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Lonicera sempervirens

Trumpet Honeysuckle

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When it comes to providing nectar for hummingbirds, trumpet honeysuckle is one of the earliest and longest blooming plants you can grow. Hummers flock to the tube-shaped deep red flowers with yellow throats as soon as they begin to bloom. Whorls of bright red fruit form in late summer. The fruit is eaten in fall by waxwings, bluebirds and a wide variety of other birds. The slender twining stems provide cover and nest sites for a variety of birds. Oval, blue-green leaves are evergreen in warmer winter climates. This is the host plant for the day-flying hummingbird clearwing moth.

Benefits

Excellent nectar source for hummingbirds, bees and butterflies
Showy clusters of fragrant flowers
Birds dine on the red berries in fall
Fruits attract quail, purple finch, goldfinch, hermit thrush and robins
Provides great cover and nesting sites for a variety of birds

Homeowner Growing and Maintenance Tips

Easy to grow in full sun or part shade. Foliage grows well in shade, but plants need sun for best flowering. Adapts to a wide range of well-drained soils but prefers moist, loamy soils. Grow on a trellis or some form of support because the twining stems need something to wrap around. Blooms primarily on previous year's stems, so prune to shape after flowering.


Height
30 Feet

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Spread
30 Feet

USDA Hardiness Zone 4-9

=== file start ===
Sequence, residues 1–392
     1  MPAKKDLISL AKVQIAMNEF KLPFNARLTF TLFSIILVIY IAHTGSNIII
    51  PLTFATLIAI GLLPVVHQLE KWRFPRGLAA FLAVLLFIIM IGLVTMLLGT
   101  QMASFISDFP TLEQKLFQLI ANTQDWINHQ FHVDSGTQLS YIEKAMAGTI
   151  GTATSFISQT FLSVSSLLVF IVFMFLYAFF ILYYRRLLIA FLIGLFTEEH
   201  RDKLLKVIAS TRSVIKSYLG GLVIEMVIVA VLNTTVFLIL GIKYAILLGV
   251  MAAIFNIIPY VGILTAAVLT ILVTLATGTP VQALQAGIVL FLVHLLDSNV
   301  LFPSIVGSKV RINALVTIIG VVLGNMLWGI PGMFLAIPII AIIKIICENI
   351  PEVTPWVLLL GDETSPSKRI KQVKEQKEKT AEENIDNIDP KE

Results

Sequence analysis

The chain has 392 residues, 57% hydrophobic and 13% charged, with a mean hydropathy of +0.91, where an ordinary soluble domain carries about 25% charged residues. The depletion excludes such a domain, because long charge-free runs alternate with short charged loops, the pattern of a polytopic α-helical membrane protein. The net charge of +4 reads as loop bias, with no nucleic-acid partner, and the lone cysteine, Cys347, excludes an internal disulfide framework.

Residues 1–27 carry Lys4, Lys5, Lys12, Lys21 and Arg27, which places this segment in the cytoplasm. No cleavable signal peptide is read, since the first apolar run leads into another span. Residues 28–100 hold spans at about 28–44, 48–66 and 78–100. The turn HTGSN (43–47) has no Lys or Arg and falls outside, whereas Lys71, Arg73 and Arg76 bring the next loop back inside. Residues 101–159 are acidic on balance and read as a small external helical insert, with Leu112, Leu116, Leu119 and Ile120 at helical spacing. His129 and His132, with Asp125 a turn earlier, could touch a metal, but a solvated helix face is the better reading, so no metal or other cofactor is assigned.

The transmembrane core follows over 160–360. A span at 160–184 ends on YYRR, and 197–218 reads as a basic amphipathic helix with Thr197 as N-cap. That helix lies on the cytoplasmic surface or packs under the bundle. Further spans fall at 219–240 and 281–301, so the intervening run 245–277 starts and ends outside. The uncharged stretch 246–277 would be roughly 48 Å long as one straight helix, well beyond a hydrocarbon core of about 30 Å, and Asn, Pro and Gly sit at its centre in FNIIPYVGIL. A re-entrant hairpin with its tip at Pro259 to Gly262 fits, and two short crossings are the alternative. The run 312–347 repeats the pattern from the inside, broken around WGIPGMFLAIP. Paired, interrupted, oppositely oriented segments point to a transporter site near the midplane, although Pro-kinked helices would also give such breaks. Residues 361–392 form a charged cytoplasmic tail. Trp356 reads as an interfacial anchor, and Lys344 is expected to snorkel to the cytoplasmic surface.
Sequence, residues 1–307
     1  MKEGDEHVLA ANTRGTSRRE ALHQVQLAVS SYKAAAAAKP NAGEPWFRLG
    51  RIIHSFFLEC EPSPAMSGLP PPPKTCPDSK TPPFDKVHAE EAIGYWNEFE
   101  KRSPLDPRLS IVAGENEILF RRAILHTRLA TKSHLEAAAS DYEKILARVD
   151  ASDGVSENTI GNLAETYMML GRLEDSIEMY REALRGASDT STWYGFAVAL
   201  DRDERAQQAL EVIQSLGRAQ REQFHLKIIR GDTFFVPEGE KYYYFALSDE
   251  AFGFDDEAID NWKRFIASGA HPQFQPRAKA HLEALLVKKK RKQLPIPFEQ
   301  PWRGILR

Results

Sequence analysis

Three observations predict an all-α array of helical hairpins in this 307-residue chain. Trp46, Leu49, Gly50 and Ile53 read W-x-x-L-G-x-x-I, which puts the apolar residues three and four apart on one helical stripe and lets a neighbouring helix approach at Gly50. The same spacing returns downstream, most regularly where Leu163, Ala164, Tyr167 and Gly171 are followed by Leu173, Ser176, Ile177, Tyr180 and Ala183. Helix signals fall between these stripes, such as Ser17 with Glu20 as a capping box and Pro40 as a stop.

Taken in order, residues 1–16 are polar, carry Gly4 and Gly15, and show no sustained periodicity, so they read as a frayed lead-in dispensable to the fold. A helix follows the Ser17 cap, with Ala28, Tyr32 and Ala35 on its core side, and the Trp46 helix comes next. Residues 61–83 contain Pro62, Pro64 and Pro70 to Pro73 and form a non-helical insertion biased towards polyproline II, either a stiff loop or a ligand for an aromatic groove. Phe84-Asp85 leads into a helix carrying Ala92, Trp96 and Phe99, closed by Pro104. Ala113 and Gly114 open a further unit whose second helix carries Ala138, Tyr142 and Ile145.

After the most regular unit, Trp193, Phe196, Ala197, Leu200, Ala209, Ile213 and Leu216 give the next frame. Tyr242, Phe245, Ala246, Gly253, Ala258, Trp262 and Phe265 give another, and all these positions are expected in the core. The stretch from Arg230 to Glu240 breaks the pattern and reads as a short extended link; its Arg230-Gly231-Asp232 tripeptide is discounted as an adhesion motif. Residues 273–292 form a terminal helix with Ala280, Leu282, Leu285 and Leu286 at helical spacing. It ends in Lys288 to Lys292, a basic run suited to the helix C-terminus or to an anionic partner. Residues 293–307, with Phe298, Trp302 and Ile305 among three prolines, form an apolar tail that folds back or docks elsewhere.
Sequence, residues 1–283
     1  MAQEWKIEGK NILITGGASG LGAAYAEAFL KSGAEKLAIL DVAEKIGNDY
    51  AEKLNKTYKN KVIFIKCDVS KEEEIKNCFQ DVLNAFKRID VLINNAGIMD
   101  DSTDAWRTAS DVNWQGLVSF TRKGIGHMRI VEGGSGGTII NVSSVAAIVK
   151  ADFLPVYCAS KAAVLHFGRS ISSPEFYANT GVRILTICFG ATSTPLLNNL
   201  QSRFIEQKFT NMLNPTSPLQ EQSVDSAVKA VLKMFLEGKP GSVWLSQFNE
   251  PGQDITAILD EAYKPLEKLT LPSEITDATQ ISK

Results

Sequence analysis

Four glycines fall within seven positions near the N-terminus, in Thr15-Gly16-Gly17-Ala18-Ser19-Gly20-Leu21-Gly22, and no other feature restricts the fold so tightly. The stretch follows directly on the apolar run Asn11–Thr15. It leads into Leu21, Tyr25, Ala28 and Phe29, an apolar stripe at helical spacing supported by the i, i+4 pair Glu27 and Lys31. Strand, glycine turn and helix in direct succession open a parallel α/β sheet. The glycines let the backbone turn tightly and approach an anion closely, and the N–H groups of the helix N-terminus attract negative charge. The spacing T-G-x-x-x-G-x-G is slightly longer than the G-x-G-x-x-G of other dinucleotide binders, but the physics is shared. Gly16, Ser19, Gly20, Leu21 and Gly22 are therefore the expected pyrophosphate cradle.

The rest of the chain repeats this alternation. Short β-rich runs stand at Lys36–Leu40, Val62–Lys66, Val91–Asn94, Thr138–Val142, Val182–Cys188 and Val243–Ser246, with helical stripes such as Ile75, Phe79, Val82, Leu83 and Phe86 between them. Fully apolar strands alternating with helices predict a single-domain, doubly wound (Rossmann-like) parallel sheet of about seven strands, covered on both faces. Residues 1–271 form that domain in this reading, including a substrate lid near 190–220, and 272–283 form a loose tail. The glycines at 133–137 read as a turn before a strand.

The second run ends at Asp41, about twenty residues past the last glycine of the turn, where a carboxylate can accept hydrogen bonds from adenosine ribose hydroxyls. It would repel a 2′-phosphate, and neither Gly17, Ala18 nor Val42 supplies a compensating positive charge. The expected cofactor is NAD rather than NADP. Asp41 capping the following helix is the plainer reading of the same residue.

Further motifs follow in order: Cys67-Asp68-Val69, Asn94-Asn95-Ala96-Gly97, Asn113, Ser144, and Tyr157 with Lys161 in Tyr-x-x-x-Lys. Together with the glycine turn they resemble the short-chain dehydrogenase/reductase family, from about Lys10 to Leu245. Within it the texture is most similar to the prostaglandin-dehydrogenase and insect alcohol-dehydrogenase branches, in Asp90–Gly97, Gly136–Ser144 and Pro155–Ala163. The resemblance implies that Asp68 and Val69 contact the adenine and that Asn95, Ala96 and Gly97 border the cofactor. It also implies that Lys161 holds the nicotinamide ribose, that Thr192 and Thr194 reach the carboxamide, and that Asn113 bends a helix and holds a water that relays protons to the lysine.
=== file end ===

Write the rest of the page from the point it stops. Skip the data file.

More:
Native Range

Connecticut to Ohio and Oklahoma, south to Alabama and Florida.

Native Trivia

Female hummingbirds usually lay two eggs which she incubates for 2 to 2 ½ weeks. After the eggs hatch, she feeds the young in the nest for about 3 weeks.


"Loads of tubular, red flowers on this long bloomer mean constant hummingbird sightings."

Characteristics & Attributes

Plan Sub Group
Vines
Exposure
Sun
Soil
Wide soil tolerance
Soil Moisture Preference
Average
Attracts Wildlife
Butterflies
Hummingbirds
Songbirds
Bloom Time
Late Spring / Early Summer
Summer
Habitat Collection
Butterfly
Songbird
Native Habitat
Grassland
Uses
Accent
Climbing, trailing
Naturalizes
Ornamental fruit
Specimen
Native to
Alabama
Arkansas
Connecticut
Delaware
District of Columbia
Florida
Georgia
Illinois
Indiana
Iowa
Kansas
Kentucky
Louisiana
Maine
Maryland
Massachusetts
Michigan
Mississippi
Missouri
New Hampshire
New Jersey
New York
North Carolina
Ohio
Oklahoma
Pennsylvania
Rhode Island
South Carolina
Tennessee
Texas
Vermont
Virginia
West Virginia